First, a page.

'ANOTHER'?? Do tell... what were the 'other' wars he started?

-5 ( +2 / -7 )

smithinjapan: yanne: "And Obama jumps into another war the US doesn't need to be involved in..."'ANOTHER'?? Do tell... what were the 'other' wars he started?

Yanne's comment did not state that Obama started the "other" wars it says "the US."

3 ( +3 / -0 )

smithinjapan: yanne: "And Obama jumps into another war the US doesn't need to be involved in..." 'ANOTHER'?? Do tell... what were the 'other' wars he started?

Yanne's comment did not state that Obama started "the other"wars it says "the US."

3 ( +3 / -0 )

" President Barack Obama has signed a secret order "

So where is the secret now?

Not that it was much a secret before, actually. The Obama administration has been siding with the muslim brotherhood and Al Quaeda affiliated "rebels" in Syria for a long time.

0 ( +2 / -2 )

smithjapan:

" yanne: "And Obama jumps into another war the US doesn't need to be involved in..." 'ANOTHER'?? Do tell... what were the 'other' wars he started? "

Does Tunesia and Libya ring a bell at all? Two other muslim brotherhood Shariah uprisings that the Obama administration enthusiastically supported. Fools!

0 ( +2 / -2 )

The good thing, at least until now, is that the US has tended to be cautious about supplying certain weapons to Syrian rebels, basically because of the danger of having such weapons out there in the hands of who-know-who. So the weapons came through Turkey, from ? I wonder if we still expect the rebels to hand the weapons back when all this is over...if it is ever over. http://www.usnews.com/news/blogs/dotmil/2012/07/27/us-official-no-evidence-of-manpads-leakage-in-syria http://blog.foreignpolicy.com/posts/2012/07/27/what_up_with_syrias_manpads

Secret this, secret that. Money here, money there, and the people in the countries involved don't really have a clue what's going on... it a dirty business, and I wish we weren't involved in it.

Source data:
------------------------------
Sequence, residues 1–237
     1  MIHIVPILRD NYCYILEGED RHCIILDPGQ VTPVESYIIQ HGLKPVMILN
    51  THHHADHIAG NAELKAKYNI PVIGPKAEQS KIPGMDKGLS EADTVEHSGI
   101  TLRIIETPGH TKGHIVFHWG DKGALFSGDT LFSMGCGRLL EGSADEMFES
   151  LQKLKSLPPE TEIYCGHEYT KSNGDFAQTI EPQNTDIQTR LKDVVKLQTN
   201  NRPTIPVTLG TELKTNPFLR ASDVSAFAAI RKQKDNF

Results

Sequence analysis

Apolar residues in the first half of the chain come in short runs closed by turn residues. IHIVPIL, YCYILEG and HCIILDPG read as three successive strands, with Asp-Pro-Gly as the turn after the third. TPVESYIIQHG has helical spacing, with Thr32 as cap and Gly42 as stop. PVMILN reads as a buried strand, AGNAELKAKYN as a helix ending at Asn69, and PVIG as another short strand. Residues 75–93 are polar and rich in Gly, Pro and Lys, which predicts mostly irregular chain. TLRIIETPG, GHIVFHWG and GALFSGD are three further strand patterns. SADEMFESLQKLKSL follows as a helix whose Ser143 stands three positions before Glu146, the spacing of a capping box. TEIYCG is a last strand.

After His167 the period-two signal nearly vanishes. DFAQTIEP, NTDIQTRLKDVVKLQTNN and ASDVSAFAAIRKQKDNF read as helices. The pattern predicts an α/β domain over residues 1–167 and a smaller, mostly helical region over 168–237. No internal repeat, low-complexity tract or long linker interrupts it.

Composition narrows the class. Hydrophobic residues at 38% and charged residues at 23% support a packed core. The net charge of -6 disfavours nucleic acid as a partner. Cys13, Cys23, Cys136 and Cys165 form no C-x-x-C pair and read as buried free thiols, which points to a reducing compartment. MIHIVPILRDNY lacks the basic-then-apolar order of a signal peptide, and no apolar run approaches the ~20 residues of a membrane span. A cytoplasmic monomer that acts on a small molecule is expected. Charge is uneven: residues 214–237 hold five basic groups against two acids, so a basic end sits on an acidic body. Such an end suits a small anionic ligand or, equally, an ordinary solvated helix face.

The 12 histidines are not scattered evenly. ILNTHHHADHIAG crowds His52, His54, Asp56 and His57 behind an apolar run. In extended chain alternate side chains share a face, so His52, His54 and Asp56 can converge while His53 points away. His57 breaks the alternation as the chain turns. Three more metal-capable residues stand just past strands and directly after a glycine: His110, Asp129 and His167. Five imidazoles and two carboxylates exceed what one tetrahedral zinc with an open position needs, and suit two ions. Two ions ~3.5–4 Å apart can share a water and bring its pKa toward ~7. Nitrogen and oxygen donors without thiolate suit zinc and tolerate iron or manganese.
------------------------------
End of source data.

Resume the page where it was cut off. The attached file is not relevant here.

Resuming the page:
3 ( +3 / -0 )

Oh and werent the vast majority of 9/11 terrorists Saudi nationals..

Well, their paper passports that emerged from the infernal metal-vaporizing fireball indeed indicated so.

Obama is in trouble. Human life is not worth going to war for, and Syria has no oil. What to do, what to do...

5 ( +5 / -0 )

Sure...America will channel tons of money to them then once Syrian rebels accomplish said task the "New & Improved" leadership will quickly denounce and shitte on America. Its almost as if thats becoming the favorite past time of countries in that area.

3 ( +3 / -0 )

Well, their paper passports that emerged from the infernal metal-vaporizing fireball indeed indicated so.

Actually, their paper passports emerged from their rented car indeed indicated that.

The US should not get militarily involved in this conflict. The future of Syria should be decided by Syrians themselves.

0 ( +7 / -7 )

Paulinusa:

" "Saudi Arabia only supports enemies of the west." First of all, not true. Second: Old proverb, "The enemy of my enemy is my friend." "

First of all: that is absolutely true. Saudi Arabia has been financing radical sunni muslim organizations for a long time. Second: Yes, this "enemy of my enemy" thinking seems to guide Western politicians. However, it has come back to bite many times, and will be doing that in Syria too, once the Assad dictatorship is replaced by a radical Sunni Muslim Brotherhood Shariah theocracy.